Structurally, the stab has four foam supports that tie it in to the fuselage (two supports are glued to the fuselage sides between the stab location and the horizontal cruciform, and two supports are glued on the outer edge of the horizontal cruciform and the stabilizer. Having a few 3mm depron supports, the center of the stabilizer becomes extremely rigid. Then, once the carbon bracing is added, the tail section is very strong.

In an aerodynamic sense, I found that this location worked very well for minimal rudder to elevator mixing values and when using various size battery packs. Of course, changing the height location of the battery does play a huge role when it comes time to properly trim your model for knife edge flight.

Regards,
John
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Old Jan 02, 2010, 11:34 AM
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Originally Posted by GIFLYRC View Post
John,
How is the size/area of the drag brakes determined?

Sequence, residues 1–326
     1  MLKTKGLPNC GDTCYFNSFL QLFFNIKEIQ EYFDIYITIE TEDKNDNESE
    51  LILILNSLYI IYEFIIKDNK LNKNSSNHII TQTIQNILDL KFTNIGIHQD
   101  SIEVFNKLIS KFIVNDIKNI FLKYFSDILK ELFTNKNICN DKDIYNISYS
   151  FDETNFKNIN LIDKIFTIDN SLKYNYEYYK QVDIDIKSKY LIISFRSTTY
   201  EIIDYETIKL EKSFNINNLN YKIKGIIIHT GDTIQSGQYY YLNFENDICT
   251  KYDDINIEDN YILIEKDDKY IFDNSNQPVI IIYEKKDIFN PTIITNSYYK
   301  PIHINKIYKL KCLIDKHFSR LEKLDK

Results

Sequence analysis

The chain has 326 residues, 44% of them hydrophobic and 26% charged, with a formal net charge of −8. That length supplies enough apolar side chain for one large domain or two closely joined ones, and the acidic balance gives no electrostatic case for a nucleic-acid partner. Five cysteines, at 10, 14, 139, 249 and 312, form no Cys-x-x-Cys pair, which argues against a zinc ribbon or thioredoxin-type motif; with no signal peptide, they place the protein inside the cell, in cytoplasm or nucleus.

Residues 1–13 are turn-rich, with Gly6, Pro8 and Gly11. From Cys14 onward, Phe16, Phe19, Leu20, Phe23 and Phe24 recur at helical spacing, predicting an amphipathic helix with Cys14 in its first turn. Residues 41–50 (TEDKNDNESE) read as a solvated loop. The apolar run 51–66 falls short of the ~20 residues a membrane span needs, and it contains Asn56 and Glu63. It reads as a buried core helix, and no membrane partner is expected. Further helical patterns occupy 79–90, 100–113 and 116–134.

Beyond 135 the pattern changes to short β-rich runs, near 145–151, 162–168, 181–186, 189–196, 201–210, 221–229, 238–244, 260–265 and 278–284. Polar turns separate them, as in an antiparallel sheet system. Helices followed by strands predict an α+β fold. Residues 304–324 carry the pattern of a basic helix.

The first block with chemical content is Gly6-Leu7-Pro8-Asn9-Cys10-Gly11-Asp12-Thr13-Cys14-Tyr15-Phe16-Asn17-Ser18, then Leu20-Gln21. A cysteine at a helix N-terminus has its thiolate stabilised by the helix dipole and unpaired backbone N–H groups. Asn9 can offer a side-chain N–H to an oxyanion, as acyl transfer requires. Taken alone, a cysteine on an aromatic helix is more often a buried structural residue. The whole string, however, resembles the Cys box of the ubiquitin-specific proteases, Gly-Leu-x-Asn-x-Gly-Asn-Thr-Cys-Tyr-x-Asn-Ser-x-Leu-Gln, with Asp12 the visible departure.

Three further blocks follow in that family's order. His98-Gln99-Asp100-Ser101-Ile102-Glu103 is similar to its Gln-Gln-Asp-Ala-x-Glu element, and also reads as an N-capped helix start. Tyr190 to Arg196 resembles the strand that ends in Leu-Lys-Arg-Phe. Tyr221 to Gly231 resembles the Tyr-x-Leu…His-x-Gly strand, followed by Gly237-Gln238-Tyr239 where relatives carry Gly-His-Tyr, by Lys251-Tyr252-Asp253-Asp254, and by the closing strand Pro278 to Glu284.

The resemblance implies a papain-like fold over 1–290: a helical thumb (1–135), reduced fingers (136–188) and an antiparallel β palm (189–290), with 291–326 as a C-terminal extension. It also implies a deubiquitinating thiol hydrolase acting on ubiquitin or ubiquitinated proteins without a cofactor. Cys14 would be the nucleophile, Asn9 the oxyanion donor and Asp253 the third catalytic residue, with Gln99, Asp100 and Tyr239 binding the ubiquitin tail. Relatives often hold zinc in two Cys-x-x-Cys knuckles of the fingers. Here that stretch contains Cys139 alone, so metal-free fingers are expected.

Is it a % of the aileron area and if so, what is the formula?

Thank's,
Roger aka GIFLYRC
Over the years, I've tried many different types of airbrakes and different sizes. All in all, larger airbrakes tend to slow the roll rate down on an airplane. Also, location matters as moving the airbrake towards the root or the tip can change the flight characteristics and "feel" of the model.

Also, just because one airbrake style and size works on one type of an airplane, it doesn't mean it will work on all. I recommend starting with a larger airbrake, flying the model, and changing the size of it until you are satisfied with the roll rate of the model and the speed on down lines. Also, keep in mind that it is best to try different locations on the aileron too. Use a "T-Pin" to pin the brakes in place on the aileron. Try different locations until you are satisfied, and then CA them in place.

Regards,
John